Congress has also focused on state and local government cybersecurity with the passage of the State and Local Cybersecurity Improvement Act in the House (HR 3138), which would require the Cybersecurity and Infrastructure Security Agency (CISA) to establish the State and Local Cybersecurity Grant Program to address cybersecurity risks and threats to the information systems of state, local or tribal organizations. CISA must also establish a State and Local Cybersecurity Resilience Committee to provide state, local and tribal stakeholder expertise, situational awareness and recommendations to CISA on how to address cybersecurity risks and threats. And finally, CISA must develop and maintain a resource guide for state, local, tribal and territorial government officials to assist with identifying, preparing for, detecting, protecting against, responding to and recovering from cybersecurity risks, threats and incidents. In addition, CISA must develop and make publicly available a Homeland Security Strategy to Improve the Cybersecurity of State, Local, Tribal and Territorial Governments.
The U.S. Senate (S 2520/S 2585) passed its version(s) of the State and Local Cybersecurity Improvement Act that authorizes a new grant program at the Department of Homeland Security dedicated to improving cybersecurity for state, local, tribal and territorial entities. This grant program, which will provide $1 billion over four years, would be administered by the Federal Emergency Management Agency (FEMA), to take advantage of existing grant systems and expertise, while the CISA would provide cybersecurity subject matter expertise. Of course, the bills require final passage in both chambers but there appears to be a genuine desire to help state and local governments—an historic first.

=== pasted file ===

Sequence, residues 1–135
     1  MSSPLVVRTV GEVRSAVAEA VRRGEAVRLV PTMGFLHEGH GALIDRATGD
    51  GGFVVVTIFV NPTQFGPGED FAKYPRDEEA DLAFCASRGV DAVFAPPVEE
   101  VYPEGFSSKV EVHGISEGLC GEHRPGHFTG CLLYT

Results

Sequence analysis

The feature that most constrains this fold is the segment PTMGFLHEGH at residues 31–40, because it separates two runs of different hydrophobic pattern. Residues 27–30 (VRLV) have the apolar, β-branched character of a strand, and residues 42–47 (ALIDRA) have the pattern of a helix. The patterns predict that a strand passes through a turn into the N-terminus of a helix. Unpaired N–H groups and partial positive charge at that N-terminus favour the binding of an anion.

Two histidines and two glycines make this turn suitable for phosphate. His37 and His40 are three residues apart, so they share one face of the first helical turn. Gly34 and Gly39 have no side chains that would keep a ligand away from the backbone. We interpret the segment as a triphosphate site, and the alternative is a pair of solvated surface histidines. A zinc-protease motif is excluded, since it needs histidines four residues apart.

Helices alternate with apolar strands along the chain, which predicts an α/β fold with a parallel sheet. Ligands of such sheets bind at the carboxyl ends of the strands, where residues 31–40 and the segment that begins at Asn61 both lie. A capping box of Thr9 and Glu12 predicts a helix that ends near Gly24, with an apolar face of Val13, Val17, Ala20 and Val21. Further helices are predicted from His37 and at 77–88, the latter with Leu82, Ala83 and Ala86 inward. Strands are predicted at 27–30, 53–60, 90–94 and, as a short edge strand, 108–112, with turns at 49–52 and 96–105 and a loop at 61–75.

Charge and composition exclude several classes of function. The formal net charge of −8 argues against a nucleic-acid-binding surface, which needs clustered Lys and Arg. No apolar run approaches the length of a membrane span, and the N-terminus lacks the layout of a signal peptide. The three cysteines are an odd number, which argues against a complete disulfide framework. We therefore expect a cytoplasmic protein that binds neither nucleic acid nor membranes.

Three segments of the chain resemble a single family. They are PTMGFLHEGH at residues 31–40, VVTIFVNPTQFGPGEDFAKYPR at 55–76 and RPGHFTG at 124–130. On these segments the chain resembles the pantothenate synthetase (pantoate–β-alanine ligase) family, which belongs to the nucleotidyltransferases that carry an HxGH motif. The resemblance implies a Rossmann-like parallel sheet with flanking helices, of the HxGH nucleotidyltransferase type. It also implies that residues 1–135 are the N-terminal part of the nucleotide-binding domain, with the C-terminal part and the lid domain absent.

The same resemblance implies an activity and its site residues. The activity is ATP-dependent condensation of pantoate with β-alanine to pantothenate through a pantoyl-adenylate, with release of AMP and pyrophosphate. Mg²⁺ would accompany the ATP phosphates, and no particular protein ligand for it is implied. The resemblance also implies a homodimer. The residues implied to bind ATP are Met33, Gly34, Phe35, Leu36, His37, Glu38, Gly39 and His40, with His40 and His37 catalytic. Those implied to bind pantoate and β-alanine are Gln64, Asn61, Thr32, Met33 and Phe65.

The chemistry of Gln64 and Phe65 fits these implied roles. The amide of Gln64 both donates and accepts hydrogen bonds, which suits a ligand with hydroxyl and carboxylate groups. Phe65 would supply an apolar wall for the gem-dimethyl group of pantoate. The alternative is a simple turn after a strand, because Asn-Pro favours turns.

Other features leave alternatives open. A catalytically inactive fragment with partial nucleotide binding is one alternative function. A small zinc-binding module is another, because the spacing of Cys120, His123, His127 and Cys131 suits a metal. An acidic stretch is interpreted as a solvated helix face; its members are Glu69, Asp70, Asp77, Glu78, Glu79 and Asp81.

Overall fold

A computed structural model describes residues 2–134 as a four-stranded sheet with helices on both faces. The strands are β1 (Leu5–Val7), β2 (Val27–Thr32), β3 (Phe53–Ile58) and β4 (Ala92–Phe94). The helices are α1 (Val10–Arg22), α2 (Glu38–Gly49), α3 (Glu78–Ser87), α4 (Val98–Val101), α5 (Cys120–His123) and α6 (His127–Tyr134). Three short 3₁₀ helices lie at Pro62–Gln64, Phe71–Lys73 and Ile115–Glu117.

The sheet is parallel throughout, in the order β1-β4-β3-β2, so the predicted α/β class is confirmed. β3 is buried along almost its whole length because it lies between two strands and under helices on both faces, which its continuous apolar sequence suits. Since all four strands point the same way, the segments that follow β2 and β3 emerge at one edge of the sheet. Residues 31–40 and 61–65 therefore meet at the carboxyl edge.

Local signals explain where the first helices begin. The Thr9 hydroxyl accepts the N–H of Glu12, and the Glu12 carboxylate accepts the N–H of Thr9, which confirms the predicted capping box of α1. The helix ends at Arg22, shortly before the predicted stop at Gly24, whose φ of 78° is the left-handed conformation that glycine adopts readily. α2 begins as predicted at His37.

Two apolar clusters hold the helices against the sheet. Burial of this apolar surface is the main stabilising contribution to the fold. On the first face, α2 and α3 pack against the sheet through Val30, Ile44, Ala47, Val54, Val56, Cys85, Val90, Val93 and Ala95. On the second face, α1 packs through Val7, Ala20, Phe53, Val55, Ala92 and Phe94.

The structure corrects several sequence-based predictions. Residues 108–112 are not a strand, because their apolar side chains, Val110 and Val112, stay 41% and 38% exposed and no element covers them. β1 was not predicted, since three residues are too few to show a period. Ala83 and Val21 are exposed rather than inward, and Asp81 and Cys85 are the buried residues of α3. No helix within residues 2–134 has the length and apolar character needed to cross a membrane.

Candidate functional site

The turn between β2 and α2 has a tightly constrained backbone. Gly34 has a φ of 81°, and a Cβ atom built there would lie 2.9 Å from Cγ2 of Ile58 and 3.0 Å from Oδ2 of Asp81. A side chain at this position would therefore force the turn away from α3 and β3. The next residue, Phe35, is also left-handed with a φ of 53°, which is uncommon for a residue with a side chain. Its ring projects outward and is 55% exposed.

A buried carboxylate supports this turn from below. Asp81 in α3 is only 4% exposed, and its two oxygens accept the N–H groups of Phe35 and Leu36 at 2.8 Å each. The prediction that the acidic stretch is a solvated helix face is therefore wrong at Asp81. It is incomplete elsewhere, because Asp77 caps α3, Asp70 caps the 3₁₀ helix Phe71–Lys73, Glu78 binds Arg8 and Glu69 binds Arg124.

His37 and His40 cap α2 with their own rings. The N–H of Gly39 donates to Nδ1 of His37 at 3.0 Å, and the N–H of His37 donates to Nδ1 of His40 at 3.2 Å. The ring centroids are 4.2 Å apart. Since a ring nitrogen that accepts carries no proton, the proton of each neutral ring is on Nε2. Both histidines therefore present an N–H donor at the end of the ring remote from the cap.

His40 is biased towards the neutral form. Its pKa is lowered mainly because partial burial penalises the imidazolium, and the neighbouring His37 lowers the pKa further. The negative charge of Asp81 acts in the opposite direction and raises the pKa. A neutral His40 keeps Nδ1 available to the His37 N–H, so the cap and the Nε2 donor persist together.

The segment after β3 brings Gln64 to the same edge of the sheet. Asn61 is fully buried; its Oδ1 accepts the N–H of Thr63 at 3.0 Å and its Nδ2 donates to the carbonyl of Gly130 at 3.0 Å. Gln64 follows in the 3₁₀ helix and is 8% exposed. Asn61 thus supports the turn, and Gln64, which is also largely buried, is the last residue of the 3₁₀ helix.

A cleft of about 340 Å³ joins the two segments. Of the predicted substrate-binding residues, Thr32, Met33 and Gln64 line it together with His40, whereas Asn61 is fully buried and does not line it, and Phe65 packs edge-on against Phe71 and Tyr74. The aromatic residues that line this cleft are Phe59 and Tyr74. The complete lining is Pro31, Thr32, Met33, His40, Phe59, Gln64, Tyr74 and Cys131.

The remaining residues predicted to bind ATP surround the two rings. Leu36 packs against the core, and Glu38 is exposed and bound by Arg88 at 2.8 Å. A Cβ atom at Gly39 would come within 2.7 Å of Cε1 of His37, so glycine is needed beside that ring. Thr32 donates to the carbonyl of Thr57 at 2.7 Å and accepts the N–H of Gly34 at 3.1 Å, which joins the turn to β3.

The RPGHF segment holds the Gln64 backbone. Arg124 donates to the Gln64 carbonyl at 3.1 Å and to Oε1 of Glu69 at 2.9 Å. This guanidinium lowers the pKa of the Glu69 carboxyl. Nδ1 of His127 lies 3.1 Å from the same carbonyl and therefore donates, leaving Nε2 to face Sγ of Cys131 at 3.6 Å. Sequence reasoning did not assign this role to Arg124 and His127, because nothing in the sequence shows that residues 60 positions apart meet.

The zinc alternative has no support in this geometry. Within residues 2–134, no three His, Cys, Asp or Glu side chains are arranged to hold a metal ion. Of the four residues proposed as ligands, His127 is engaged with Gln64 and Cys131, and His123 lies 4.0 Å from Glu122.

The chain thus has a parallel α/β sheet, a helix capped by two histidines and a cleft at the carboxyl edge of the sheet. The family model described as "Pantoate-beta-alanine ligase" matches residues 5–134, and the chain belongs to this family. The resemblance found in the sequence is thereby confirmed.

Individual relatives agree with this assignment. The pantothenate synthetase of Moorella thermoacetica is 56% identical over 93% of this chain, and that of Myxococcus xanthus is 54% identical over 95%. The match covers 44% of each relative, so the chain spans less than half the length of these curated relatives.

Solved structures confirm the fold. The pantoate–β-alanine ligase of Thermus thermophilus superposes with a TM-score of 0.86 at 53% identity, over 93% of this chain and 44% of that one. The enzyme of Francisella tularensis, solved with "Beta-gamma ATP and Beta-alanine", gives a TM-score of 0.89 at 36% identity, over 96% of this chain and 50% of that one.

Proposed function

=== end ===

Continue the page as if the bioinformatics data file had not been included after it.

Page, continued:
Finally, to help fill the growing skills gap in technology, CompTIA is working closely with the U.S. Department of Labor to actively recruit for high-paying apprenticeship positions in the both the private and public sectors.
Perhaps it takes a crisis to help refocus attention on a growing and costly problem. Local governments are vulnerable to cyber attacks due to shortages in staff and expertise and other resources, plus in many cases, operating legacy equipment beyond its stated useful life. Local governments are the first line of contact for most citizens, and it appears those in Congress as well as the private sector are beginning to realize this significance as they appear to be turning words into meaningful action. So, what is different this year as opposed to last October? The answer is we are beginning to see rays of hope and perhaps less haphazard “trick or treat.”
Dr. Alan R. Shark is the executive director of the Public Technology Institute (PTI) now part of the Computing Technology Industry Association (CompTIA) in Washington, D.C. since 2004. He is a fellow of the National Academy for Public Administration and chair of the Standing Panel on Technology Leadership. He is as associate professor for the Schar School of Policy and Government, George Mason University, and is course developer/instructor at Rutgers University Center for Government Services. Shark’s thought leadership activities include keynote speaking, blogging, a bi-weekly podcast called Sharkbytes, and is the author or co-author of more than 12 books including the nationally recognized textbook Technology and Public Management as well as CIO Leadership for Cities and Counties.